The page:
Card makers turn to die cutting machines to churn out a huge assortment of custom cards. The Silhouette Cameo 4 is our top pick for this, because it’s reasonably priced and reliable. We also think the Silhouette software is smart and easy to use. Like the Portrait 3, the Silhouette Cameo 4 comes with PixScan that can scan and remotely edit pictures and other designs. Although we think this die cutting machine is best used with paper and cardstock, it can work with thicker materials such as fabric when you buy the Rotary or Kraft blades. The tool type detection makes this even easier.

The Silhouette Cameo 4 has a 30-inch cutting width, which is one of the best ones we’ve seen. It can be powered by Bluetooth and USB, and the three millimeter clearance is great for most items, although will struggle with balsa wood or thick foam. 


Why buy a die cutting machine?

Best die cutting machines: Brother ScanNCut SDX125E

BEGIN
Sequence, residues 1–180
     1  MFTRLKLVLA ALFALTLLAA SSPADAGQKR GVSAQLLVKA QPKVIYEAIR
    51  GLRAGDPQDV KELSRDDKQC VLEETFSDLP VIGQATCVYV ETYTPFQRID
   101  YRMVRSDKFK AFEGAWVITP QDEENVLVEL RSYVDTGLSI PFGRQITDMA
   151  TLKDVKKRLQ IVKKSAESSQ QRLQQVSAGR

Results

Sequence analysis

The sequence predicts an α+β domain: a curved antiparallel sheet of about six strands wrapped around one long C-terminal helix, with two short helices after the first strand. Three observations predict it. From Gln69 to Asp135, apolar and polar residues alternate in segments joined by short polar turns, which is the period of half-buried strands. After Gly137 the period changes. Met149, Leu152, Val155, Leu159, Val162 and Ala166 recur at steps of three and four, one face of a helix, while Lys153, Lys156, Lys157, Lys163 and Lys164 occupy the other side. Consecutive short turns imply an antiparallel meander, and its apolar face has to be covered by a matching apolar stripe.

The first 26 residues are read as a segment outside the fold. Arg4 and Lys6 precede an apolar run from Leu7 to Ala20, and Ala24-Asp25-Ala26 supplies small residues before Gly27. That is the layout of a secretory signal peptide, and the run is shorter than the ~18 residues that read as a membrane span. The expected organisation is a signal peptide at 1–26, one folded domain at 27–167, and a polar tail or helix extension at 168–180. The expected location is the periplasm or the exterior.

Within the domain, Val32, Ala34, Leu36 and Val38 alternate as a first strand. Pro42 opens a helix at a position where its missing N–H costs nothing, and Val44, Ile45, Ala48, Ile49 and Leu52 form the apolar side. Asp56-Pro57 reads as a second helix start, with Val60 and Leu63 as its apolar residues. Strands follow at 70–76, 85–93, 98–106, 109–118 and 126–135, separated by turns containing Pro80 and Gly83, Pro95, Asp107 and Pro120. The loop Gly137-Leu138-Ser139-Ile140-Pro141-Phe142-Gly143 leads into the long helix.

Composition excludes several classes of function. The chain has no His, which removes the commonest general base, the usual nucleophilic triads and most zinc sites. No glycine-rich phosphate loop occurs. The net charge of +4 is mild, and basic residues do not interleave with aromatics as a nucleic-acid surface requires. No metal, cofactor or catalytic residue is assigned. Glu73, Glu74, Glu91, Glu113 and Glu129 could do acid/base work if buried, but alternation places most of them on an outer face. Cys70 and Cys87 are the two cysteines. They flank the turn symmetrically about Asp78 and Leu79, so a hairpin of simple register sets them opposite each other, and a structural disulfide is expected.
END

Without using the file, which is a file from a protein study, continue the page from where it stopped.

(Image credit: Brother)

It can be difficult for quilters, scrapbookers and crafters to make precise cuts on fabric, paper and other materials. Handheld tools like hobby knives and scissors can be unwieldy and tedious for large or complex projects. If you find yourself frequently cutting small, intricate pieces or you need many pieces of a similar shape, you may want to consider adding a die-cutting machine to your crafting kit. These machines come in a variety of sizes, with different prices, power levels and capabilities, which can make it hard to choose the right one for your needs.

Die cutters work best for cutting cardstock and paper across the board, but tougher models can cut low-strength materials. Even the simplest die cutters can cut and emboss, but more advanced models can draw, print, weld and scan. If you're the crafty type, check out our reviews on other crafting supplies like sewing machines and scrapbooking software.

How we chose the best die cutting machines

Best die cutting machines: Cricut

(Image credit: Cricut)

Cutting Force

A die cutter’s most important specification is its cutting force, or the amount of pressure it applies to the materials it is cutting. This determines how well the machine can cut through a given material, leaving clean lines or only scored edges.